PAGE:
Currently in the F&B industry, it is assumed that we know who our guests are, what their reason is to use our restaurant and products, what their patterns and routines are and what their position is towards the concept and brand. We make decisions based on that feeling, not only about guest related topics, but also in finding the right habitat for new physical locations. We believe the industry places too much trust on instinct and high level data, even though there is a lot of (anonymous) data available which can assist in validating these assumptions. While we don’t want to underplay the restaurateurs sixth sense or gut-feel, we advocate strongly to complement this with internally available and externally obtainable data. Not because we think it works, but because we see it works.
Many success stories during COVID-19 were from companies that were using data to perform predictive analysis. Fact-based insights helped them to make better decisions. These decisions, in turn, boost businesses’ profits by 10% on average. Chainstore analytics company Dgenious, however, still reports that only 12% of companies take advantage of fact-based insights and make decisions upon it, which only highlights the potential profit still to be gained within the industry.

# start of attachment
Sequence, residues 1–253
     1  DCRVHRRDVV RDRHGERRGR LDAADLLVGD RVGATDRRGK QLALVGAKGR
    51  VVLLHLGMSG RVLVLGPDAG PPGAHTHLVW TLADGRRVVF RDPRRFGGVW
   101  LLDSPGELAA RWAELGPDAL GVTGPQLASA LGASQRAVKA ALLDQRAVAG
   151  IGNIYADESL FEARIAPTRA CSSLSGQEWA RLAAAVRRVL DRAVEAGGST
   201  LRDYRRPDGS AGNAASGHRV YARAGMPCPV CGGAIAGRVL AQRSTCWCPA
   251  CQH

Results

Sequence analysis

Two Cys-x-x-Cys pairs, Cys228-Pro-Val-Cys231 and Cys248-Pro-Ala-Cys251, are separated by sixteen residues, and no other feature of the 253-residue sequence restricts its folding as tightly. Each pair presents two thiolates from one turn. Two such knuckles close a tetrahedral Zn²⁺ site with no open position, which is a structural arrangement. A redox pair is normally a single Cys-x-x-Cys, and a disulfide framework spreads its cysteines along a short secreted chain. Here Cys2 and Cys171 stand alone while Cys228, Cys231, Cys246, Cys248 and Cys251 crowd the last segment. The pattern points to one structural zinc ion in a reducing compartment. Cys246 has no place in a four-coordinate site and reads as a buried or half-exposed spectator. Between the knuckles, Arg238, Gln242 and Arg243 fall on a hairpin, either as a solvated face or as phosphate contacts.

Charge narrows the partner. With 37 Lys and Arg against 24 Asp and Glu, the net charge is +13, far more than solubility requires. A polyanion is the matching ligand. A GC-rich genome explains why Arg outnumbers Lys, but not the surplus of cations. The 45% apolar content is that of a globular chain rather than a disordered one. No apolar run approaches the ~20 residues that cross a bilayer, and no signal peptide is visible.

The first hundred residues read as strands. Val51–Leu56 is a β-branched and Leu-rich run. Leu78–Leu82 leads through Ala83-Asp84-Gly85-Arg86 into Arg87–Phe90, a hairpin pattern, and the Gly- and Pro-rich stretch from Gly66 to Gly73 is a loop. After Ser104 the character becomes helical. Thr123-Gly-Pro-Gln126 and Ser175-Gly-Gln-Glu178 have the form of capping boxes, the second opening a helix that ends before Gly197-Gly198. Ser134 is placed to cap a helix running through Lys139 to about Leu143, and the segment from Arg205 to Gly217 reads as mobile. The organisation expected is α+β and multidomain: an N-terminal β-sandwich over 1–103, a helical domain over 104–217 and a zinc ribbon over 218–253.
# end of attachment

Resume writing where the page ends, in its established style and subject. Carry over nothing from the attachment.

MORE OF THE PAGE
“Fact-based insights helped them to make better decisions. These decisions, in turn, boost businesses’ profits by 10% on average. Chainstore analytics company Dgenious, however, still reports that only 12% of companies take advantage of fact-based insights and make decisions upon it, which only highlights the potential profit still to be gained within the industry.”
One example of a company who does use their data effectively is Deliveroo. With the help of data analytics, Deliveroo established various dark kitchens around Europe. It analysed the data from its consumers and identified the gaps in the market. With this, Deliveroo took a data-driven decision to establish a dark kitchen at optimal locations and with the most demanded menu items, demonstrating the power of basing business decisions on fact-based insights.
So, aside from our own ecosystem, where is all this data coming from? Currently we all walk around with our personalised beacon, allowing app developers and social networks to use our anonymous data. Different service providers are available to help you to mine this valuable data asset, providing almost real-time data on your guests, footfall, traffic drivers and catchment areas. This data is used in Retail & FMCG and slowly is starting to find its way into the food service industry. Not only for the major branded concept operators, but also for the one-offs, start-ups and scale-ups. This anonymous and quantitative data can be used as a starter, providing a strong foundation of insights. In turn, these insights can then be complemented by targeted qualitative research using panels and online queries more in the traditional sense. All these data points eventually lead to a true understanding of both the guest and the brand itself, which allows you to make much more optimised decisions regarding either.